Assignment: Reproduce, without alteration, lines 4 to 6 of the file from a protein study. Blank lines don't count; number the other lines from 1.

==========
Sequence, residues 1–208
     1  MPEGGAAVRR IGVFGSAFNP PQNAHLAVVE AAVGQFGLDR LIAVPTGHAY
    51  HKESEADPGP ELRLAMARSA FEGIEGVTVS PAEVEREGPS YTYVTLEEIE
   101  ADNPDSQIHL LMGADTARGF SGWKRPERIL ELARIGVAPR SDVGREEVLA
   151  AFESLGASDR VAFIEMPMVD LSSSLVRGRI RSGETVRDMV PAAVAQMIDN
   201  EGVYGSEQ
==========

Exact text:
   101  ADNPDSQIHL LMGADTARGF SGWKRPERIL ELARIGVAPR SDVGREEVLA
   151  AFESLGASDR VAFIEMPMVD LSSSLVRGRI RSGETVRDMV PAAVAQMIDN
   201  EGVYGSEQ